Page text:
|Ye Shiwen set a world record with her 400 individual medley swim on Sunday. But was it too good to be true? (US Presswire)|
We are conditioned not to believe.
Many modern sports records aren't sacred anymore. They're protected benchmarks, lorded over by cynicism and skepticism and proof that any purity once associated with them has since been obliterated. So when a female swimmer posts a world record in the pool in front of billions watching around the globe, and does it swimming a final 50-meter leg faster than America's fastest swimmer (its fastest male swimmer); when the distance between her and second place looks like it was aided by an invisible underwater rotor, questions don't pop up. They immediately rocket miles above all our heads.
Let's be clear, though. We have no proof now that Ye Shiwen, the Chinese swimmer who swam the 400-meter individual medley in 4:28.43 Sunday, cheated. Naturally, she says she did not. Says her country and team are fastidious in anti-doping policies and philosophies. She says she is not like "girls from the past," referencing her nation's notorious problem with doping in the pool.
Here's a viewable graph of Ye's distance and times compared to her competitors in the race. Per The Telegraph.
Chinese swimmers have a history with cheating in the pool that could rival Major League Baseball's drug problem of the past 20 years. As recently as 2009, the country had five swimmers banned for performance-enhancing substances. So, as it is with any player who would hit 60 dingers in contemporary baseball season, Ye will be hesitantly acknowledged as some sort of super swimmer, all the while the skeptics looking for how heavy and how soon will be the shoe that drops.
She's 16 and she's this good? Well, Ye -- who won the 200 IM at the 2011 World Championships -- was seven seconds improved from her World Championships 400 IM swim last year. That's flat out nuts, if not unprecedented. What, did she hit her latest stage of puberty in the middle of that race on Sunday? It seems everyone's sitting around and waiting for the news that they believe has to be coming. Because no swimmer puts up a time like this so surprisingly without later being exposed as a drug-fueled cheat.
John Leonard, who runs the World Swimming Coaches Association and the USA Swimming Coaches Association, told The Guardian he thought Ye's performance was "disturbing." Leonard saw something similar happen in the 400 female IM 16 years ago, when Irish swimmer Michelle Smith put up a world record.
Then they found the drugs in her blood. The record was wiped out. Will this one cease to exist by next week, next month, next year? It's that 58.68 time that's flabbergasting everybody. That's the split for Ye's final quarter of the IM, the freestyle section. She would've beaten Ryan Lochte in a race, and she would've done it measured against Lochte's second-best-in-the-history-of-the-world 400 IM in men's Olympic swimming, which was held last Saturday.
Ye's result has made cause for a lot of uncomfortable but needed conversation. Left to his devices, the IOC chairman had to sit on a dais and do what he's paid to do: not doubt his Olympic gold medal-winner because the science gives him no wiggle room at the moment to do so.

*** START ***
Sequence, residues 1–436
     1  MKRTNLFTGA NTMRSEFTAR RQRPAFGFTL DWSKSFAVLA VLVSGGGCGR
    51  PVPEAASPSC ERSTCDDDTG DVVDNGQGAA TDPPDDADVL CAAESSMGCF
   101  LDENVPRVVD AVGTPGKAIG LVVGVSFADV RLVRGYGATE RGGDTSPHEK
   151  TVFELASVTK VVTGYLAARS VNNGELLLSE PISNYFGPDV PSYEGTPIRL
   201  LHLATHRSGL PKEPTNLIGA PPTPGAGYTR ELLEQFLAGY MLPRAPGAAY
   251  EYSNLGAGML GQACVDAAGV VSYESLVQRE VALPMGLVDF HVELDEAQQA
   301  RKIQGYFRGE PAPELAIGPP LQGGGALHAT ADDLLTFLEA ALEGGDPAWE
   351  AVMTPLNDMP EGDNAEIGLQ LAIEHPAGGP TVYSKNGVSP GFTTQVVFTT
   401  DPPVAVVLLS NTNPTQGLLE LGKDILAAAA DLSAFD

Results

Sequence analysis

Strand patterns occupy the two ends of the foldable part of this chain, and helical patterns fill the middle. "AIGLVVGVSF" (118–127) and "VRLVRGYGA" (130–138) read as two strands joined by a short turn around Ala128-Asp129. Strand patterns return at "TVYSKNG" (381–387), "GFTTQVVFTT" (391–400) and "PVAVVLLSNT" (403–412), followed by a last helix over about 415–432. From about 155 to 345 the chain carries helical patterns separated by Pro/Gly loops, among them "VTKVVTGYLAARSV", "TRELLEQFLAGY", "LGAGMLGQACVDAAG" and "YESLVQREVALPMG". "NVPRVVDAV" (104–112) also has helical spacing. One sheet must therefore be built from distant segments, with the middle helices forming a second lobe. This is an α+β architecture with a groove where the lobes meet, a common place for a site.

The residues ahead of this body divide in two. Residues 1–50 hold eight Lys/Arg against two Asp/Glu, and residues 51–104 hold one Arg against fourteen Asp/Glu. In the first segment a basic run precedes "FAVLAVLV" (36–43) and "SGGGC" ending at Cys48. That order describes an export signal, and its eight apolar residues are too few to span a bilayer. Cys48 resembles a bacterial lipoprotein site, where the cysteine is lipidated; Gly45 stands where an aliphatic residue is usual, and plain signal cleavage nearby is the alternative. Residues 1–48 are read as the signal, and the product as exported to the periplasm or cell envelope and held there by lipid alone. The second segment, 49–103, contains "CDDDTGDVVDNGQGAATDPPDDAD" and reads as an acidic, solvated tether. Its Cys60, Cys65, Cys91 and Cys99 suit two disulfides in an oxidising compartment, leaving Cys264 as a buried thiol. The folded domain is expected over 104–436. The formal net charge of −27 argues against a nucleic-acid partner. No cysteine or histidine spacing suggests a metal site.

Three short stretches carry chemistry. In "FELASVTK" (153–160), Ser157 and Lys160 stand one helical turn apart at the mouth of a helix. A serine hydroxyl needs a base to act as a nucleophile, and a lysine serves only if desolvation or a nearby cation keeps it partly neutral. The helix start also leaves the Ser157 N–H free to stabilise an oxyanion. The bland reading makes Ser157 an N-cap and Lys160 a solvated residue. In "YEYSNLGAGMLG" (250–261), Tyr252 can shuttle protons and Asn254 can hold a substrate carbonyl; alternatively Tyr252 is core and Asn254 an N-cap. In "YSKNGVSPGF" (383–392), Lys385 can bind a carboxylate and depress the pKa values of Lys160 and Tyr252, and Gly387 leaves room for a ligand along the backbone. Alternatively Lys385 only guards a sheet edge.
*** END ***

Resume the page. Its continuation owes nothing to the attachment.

While others murmured amongst themselves to Ye's time, Leonard didn't hold back. His words carry big weight in the sport, and to him, there is something amiss. Here's what he told The Guardian:
"We want to be very careful about calling it doping," Leonard said. "The one thing I will say is that history in our sport will tell you that every time we see something, and I will put quotation marks around this, 'unbelievable', history shows us that it turns out later on there was doping involved. That last 100m was reminiscent of some old East German swimmers, for people who have been around a while. It was reminiscent of 400m individual medley by a young Irish woman in Atlanta." ...
Ye was more than seven seconds faster in the Olympic 400m IM final than she had been in the World Championship equivalent last July. Leonard said that improvement was possible, but very hard to do. "But the final 100m was impossible. Flat out. If all her split times had been faster I don't think anybody would be calling it into question, because she is a good swimmer. But to swim three other splits at the rate that she did, which was quite ordinary for elite competition, and then unleash a historic anomaly, it is just not right."
At this point, Ye's swim is even confounding sports scientists. If the swim was entirely pure, entirely clean, it was also entirely pioneering. Unprecedented. She is the new evolution. And the sports world isn't ready for that. We're way too (rightfully, given all the doping scandals) jaded to accept what we saw happen at the London Aquatics Center on Sunday.
Drugs or not, the world is clearly not prepared to see a female outperform a male in the pool or on a track or field. The gender performance gap will never entirely close in sports competition, but can it have exceptions when it comes to speed, power and endurance? That's the next watershed moment, and we might've just seen it, right there in the water.
Head-to-head, there's a reason why women and men race for different medals in the same events. Ye's overall time and final 100 meters simply does not compute for us yet. Coaches in the swim game with decades of experience are openly doubting Ye, and I'm not sure what she can do in the immediate future to reverse those sentiments.
To clear her name, Ye will have to do more than beat a drug test. She'll have to repeat this performance -- and beat the tests again. Then will probably have to do it again, and swim through even more hoops. There is no such thing as a new normal in new-world sports. All we have is the proof our eyes see and the questions that block the view.